Tuesday, May 23, 2006

What???

Christopher Isherwood ends his review of "columbinus," a play the NYTW about the Columbine killings, with the following: "The phenomenon we confront in these little monsters, it seems to me, is one that neither journalism nor theater can analyze with satisfaction. It's the problem of evil. Better to leave that one to philosophers."

Leave the problem of evil to philosophers? Tell it to Shakespeare, Webster, Middleton, Ford right up to Labute. I know writing overnight reviews is difficult, and finding a tag line to finish with is particularly difficult, but come on, Christopher, at least avoid writing really, really stupid things!

[Yes, I'm back.]

10 comments:

Alison Croggon said...

Hey Scott, good to see you back!

Boggling at that quote. Children murdering other children isn't, I don't think, something that can be simply dismissed as a metaphysical problem outside human understanding. And only philosophers should worry about evil? Gosh, that way none of us need bother with anything...

Scott Walters said...

Thanks, Allison. The quote is in today's NY Times. I'll try to put the link in.

parabasis said...

And moreover... if it is outside human understanding, than philosophers are no better suited to understanding in than playwrights.

I think Isherwood has crossed over into the realm of the indefensible, personally. Let's just fire the man and be done with it. I've had enough of people writing about theater who believe that it is inadaquate to the task of being itself.

P'tit Boo said...

Welcome Back !!!

I've diversified as you can see...:)

I agree with Alison !
Hey Scott, let's philosophize !!!!

frank's wild lunch said...

That sentence struck me as odd, too. I'm glad you posted about it. I don't know the play, but along with Isherwood's dismissive, theater-hating closing sentiment, I wonder also about his use of the word "evil." It's one thing to suggest that a dramatization of Columbine High's social make-up is insufficient to understand the killings; I even think he makes an interesting point in this sentence (even if I'm not entirely convinced of its logic): "In fact, the mixture of sadism and glee that Harris and Klebold expressed as they stalked their victims contradicts the play's implicit suggestion that the toxic combo of social dysfunction and psychological frailty in American high schools was at the root of their pathology." But to trot out the word "evil" just seems cheap to me.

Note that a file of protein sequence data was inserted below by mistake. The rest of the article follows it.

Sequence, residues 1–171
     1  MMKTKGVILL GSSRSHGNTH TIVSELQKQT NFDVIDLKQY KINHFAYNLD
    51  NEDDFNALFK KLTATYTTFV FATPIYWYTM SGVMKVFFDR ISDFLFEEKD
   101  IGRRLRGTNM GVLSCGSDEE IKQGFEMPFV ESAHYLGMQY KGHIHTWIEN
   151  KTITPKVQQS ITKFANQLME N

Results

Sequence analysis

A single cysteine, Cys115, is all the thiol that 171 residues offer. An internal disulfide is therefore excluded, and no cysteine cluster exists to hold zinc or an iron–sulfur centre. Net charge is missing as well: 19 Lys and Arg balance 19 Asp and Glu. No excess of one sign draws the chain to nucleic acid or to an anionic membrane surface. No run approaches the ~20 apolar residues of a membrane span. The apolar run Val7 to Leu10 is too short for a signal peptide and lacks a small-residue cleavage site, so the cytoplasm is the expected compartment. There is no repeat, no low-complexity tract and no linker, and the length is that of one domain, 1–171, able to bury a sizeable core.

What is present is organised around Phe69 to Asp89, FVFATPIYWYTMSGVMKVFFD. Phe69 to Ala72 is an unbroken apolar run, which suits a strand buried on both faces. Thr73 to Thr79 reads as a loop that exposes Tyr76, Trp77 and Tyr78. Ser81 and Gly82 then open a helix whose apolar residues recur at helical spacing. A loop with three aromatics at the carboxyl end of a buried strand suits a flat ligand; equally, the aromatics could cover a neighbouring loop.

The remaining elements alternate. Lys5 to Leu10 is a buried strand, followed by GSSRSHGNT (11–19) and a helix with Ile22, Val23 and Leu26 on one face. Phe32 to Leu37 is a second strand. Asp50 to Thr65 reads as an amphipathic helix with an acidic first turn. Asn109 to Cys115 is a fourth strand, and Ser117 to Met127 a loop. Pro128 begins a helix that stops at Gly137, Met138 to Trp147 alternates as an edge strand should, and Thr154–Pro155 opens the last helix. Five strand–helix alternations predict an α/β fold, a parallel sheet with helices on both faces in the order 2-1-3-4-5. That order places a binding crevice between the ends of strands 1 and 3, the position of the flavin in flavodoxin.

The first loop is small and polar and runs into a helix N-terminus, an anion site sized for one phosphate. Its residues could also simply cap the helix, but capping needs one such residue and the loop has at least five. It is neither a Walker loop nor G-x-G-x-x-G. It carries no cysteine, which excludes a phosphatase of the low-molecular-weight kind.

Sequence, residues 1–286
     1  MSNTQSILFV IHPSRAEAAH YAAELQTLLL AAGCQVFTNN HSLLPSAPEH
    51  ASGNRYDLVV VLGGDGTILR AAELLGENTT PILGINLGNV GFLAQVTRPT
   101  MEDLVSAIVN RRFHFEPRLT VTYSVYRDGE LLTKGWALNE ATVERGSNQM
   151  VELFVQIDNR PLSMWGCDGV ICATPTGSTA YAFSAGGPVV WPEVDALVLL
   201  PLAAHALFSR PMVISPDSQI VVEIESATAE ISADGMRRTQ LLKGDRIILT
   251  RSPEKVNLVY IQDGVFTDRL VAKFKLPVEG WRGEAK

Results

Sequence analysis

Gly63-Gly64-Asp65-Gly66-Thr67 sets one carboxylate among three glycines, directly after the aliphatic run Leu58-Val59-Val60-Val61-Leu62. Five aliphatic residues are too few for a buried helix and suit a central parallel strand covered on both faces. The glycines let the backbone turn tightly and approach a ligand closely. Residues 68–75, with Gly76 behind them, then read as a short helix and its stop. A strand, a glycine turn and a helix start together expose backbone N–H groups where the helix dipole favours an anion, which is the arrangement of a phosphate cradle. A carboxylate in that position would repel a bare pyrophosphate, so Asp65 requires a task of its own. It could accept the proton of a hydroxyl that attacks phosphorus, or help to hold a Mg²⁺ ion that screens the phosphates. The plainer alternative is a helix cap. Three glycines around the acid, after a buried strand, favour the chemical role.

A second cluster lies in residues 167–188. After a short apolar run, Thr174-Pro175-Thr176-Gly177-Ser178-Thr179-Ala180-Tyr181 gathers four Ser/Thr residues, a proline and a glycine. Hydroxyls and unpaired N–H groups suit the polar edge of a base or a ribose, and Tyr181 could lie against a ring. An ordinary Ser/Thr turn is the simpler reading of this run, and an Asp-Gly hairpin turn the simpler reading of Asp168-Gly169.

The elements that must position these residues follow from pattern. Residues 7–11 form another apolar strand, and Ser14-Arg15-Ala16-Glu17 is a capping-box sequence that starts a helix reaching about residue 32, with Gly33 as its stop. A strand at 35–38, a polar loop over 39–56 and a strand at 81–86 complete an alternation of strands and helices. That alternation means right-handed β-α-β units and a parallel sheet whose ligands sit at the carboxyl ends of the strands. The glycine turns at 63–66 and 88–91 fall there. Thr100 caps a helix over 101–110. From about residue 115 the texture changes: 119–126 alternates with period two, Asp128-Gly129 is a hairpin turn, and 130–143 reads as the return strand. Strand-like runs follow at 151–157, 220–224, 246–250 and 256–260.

Is he dissatisfied that the play doesn't tell the story the way he wants it told? Is he irritated because it's bothering to explore the elements of the history (social hierarchy, etc.) that are believed to be huge contributing factors to these kinds of violent acts? Would he be more satisfied if these Harris and Klebold were branded as devils and the show got all metaphysical?

Maybe the script isn't interested in such easy answers. Maybe it's fully aware of the insufficiency of the attempts to explain away this history. Maybe that's exactly what the play's about. Of course, if Isherwood acknowledged that, he'd probably do so while snarkily suggesting he'd seen it all before in Gus Van Sant's Elephant, but still....

Wow, I'm really interested in reading this play all of a sudden! Where do I get a copy?

frank's wild lunch said...

Okay, I just realized that Alison made my main point a lot more concisely than I did. Thanks for indulging me anyway!

Joshua James said...

Scott, I just wanted to welcome you back -

MattJ said...

Great to have you back Scott. It helps to take a break doesn't it?

Isherwood's logic and intentions baffle me constantly. One can sense the pompous tone in his voice just by reading it, that's enough to turn me off... but to constantly bash theatre and try to repress it, why? The attitude is so negative, so what do you think theatre is capable of Mr. Isherwood?

Mark said...

Welcome back Scott.

John Branch said...

I think we should expect more from journalism, as well as more from theater, than Charles Isherwood's limited view allows for.

Is it possible that he's been seeing the wrong plays, spending his time in the wrong theaters? In other words, has his experience (as a critic) of what theater actually does somehow corrupted his understanding of what theater can do? I hesitate to say that, especially since I'm at work and am dashing this off, but my own experience as a critic (in another city) did little for my optimism. As for journalism, well, if you spend too much time reading what's actually published in that field, you may again lose sight of what it's capable of.

Maybe Mr. Isherwood needs a vacation, if not the enacting of parabasis's suggestion.